# Regulated integral

In mathematics, the regulated integral is a definition of integration for regulated functions, which are defined to be uniform limits of step functions. The use of the regulated integral instead of the Riemann integral has been advocated by Nicolas Bourbaki and Jean Dieudonné.

## Definition

### Definition on step functions

Let [a, b] be a fixed closed, bounded interval in the real line R. A real-valued function φ : [ab] → R is called a step function if there exists a finite partition

${\displaystyle \Pi =\{a=t_{0}

of [a, b] such that φ is constant on each open interval (ti, ti+1) of Π; suppose that this constant value is ciR. Then, define the integral of a step function φ to be

${\displaystyle \int _{a}^{b}\varphi (t)\,\mathrm {d} t:=\sum _{i=0}^{k-1}c_{i}|t_{i+1}-t_{i}|.}$

It can be shown that this definition is independent of the choice of partition, in that if Π1 is another partition of [ab] such that φ is constant on the open intervals of Π1, then the numerical value of the integral of φ is the same for Π1 as for Π.

### Extension to regulated functions

A function f : [a, b] → R is called a regulated function if it is the uniform limit of a sequence of step functions on [a, b]:

• there is a sequence of step functions (φn)nN such that || φnf || → 0 as n → ∞; or, equivalently,
• for all ε > 0, there exists a step function φε such that || φεf || < ε; or, equivalently,
• f lies in the closure of the space of step functions, where the closure is taken in the space of all bounded functions [a, b] → R and with respect to the supremum norm || ⋅ ||; or equivalently,
• for every t ∈ [a, b), the right-sided limit
${\displaystyle f(t+)=\lim _{s\downarrow t}f(s)}$
exists, and, for every t ∈ (a, b], the left-sided limit
${\displaystyle f(t-)=\lim _{s\uparrow t}f(s)}$
exists as well.

Define the integral of a regulated function f to be

${\displaystyle \int _{a}^{b}f(t)\,\mathrm {d} t:=\lim _{n\to \infty }\int _{a}^{b}\varphi _{n}(t)\,\mathrm {d} t,}$

where (φn)nN is any sequence of step functions that converges uniformly to f.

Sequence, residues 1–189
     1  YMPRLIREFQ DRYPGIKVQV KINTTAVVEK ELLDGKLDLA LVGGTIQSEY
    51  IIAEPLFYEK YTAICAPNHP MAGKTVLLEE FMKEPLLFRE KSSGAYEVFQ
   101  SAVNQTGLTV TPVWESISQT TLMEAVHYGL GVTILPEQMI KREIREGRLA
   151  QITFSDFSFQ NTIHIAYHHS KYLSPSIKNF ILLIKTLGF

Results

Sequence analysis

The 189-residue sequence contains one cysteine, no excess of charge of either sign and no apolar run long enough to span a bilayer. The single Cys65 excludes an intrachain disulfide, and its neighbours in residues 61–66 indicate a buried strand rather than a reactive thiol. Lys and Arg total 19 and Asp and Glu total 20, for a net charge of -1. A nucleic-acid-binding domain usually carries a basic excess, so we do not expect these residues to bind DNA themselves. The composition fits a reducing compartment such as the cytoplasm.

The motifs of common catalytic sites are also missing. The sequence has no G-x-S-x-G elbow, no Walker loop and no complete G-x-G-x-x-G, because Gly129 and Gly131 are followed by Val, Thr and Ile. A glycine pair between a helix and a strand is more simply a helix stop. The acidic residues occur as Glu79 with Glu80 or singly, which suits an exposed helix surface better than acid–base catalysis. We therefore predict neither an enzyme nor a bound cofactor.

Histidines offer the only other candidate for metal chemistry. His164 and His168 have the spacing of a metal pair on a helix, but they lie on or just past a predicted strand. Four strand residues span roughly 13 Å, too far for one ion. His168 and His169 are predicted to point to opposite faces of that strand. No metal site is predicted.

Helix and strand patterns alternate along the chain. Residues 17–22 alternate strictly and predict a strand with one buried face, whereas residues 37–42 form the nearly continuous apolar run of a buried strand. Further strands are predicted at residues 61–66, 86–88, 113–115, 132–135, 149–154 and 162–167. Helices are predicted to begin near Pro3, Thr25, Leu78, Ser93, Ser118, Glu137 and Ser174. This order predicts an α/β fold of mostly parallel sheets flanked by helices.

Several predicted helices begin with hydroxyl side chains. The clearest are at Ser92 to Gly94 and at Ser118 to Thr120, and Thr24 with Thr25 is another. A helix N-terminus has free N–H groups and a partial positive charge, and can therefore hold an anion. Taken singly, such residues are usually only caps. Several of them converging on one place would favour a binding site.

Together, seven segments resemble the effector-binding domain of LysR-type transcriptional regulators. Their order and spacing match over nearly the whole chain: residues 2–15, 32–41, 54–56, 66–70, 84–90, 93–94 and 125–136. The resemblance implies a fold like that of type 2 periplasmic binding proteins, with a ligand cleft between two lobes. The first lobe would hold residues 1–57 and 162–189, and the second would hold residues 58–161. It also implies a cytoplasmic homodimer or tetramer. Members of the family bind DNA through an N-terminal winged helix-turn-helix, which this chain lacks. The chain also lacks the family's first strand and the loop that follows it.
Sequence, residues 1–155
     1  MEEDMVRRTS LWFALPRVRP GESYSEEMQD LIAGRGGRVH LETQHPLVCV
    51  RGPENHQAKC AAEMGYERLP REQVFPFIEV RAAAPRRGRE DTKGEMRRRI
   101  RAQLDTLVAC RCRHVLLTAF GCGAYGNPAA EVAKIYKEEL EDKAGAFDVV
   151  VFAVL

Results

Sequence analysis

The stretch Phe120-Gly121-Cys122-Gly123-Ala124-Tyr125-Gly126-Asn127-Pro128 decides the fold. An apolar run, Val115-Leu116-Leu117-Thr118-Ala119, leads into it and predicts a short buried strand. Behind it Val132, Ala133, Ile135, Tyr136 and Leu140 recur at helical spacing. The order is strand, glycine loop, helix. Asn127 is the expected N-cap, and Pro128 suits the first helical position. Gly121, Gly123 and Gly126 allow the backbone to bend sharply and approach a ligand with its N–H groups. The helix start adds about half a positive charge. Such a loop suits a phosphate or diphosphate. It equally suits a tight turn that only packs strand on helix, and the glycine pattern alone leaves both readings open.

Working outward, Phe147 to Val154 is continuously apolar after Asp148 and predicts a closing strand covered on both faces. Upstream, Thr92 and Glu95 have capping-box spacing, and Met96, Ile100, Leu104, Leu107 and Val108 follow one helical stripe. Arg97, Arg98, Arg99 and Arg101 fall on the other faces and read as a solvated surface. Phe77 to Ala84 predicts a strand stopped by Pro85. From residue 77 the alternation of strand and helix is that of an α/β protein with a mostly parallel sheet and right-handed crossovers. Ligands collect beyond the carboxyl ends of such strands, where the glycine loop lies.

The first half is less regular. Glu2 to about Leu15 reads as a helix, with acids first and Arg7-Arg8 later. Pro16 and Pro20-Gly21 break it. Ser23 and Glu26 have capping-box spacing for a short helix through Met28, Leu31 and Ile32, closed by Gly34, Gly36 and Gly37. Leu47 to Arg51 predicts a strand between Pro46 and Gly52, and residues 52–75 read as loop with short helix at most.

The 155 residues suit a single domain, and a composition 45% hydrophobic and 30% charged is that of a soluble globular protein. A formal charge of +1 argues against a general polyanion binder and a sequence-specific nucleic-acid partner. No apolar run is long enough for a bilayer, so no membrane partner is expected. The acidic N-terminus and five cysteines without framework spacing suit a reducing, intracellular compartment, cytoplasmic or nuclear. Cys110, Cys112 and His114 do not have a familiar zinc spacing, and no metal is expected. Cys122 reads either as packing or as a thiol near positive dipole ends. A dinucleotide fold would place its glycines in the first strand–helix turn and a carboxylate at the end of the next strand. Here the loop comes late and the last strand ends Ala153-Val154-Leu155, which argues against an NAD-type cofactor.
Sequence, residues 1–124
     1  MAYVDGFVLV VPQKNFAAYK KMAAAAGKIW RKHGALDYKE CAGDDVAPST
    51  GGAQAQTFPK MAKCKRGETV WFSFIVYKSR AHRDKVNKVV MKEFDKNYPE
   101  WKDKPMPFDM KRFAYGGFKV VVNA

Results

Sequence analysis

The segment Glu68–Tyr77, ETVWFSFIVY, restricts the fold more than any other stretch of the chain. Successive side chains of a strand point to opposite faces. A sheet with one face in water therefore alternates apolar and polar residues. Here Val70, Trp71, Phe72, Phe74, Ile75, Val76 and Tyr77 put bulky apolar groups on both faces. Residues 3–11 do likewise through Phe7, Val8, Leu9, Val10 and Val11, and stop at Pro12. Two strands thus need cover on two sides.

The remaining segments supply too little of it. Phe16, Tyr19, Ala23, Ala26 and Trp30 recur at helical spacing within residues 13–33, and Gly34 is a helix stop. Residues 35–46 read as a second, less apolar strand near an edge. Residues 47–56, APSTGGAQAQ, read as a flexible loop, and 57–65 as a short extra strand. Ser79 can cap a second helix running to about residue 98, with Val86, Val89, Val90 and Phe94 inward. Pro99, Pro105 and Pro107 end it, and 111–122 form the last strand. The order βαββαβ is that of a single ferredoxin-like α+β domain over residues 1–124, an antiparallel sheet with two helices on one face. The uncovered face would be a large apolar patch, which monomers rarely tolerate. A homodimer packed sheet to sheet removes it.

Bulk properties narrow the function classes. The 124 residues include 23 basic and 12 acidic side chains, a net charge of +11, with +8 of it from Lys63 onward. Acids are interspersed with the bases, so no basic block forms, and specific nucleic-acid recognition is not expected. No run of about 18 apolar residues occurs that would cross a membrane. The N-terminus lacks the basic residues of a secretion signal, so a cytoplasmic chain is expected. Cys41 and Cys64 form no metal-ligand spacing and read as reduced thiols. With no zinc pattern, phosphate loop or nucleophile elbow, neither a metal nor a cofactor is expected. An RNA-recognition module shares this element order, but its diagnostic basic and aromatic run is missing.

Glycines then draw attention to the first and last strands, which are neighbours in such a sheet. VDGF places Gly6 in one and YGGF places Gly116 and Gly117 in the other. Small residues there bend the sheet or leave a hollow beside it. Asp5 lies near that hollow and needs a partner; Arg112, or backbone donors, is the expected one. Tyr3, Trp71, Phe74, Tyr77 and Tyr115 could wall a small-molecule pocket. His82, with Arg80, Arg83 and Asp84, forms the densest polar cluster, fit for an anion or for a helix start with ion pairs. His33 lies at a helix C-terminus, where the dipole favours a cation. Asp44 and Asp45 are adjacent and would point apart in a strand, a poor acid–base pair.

One must check that this limit exists and is independent of the chosen sequence, but this is an immediate consequence of the continuous linear extension theorem of elementary functional analysis: a bounded linear operator T0 defined on a dense linear subspace E0 of a normed linear space E and taking values in a Banach space F extends uniquely to a bounded linear operator T : EF with the same (finite) operator norm.

## Properties of the regulated integral

• The integral is a linear operator: for any regulated functions f and g and constants α and β,
${\displaystyle \int _{a}^{b}\alpha f(t)+\beta g(t)\,\mathrm {d} t=\alpha \int _{a}^{b}f(t)\,\mathrm {d} t+\beta \int _{a}^{b}g(t)\,\mathrm {d} t.}$
• The integral is also a bounded operator: every regulated function f is bounded, and if mf(t) ≤ M for all t ∈ [a, b], then
${\displaystyle m|b-a|\leq \int _{a}^{b}f(t)\,\mathrm {d} t\leq M|b-a|.}$
In particular:
${\displaystyle \left|\int _{a}^{b}f(t)\,\mathrm {d} t\right|\leq \int _{a}^{b}|f(t)|\,\mathrm {d} t.}$
• Since step functions are integrable and the integrability and the value of a Riemann integral are compatible with uniform limits, the regulated integral is a special case of the Riemann integral.

## Extension to functions defined on the whole real line

It is possible to extend the definitions of step function and regulated function and the associated integrals to functions defined on the whole real line. However, care must be taken with certain technical points:

• the partition on whose open intervals a step function is required to be constant is allowed to be a countable set, but must be a discrete set, i.e. have no limit points;
• the requirement of uniform convergence must be loosened to the requirement of uniform convergence on compact sets, i.e. closed and bounded intervals;
• not every bounded function is integrable (e.g. the function with constant value 1). This leads to a notion of local integrability.

## Extension to vector-valued functions

The above definitions go through mutatis mutandis in the case of functions taking values in a normed vector space X.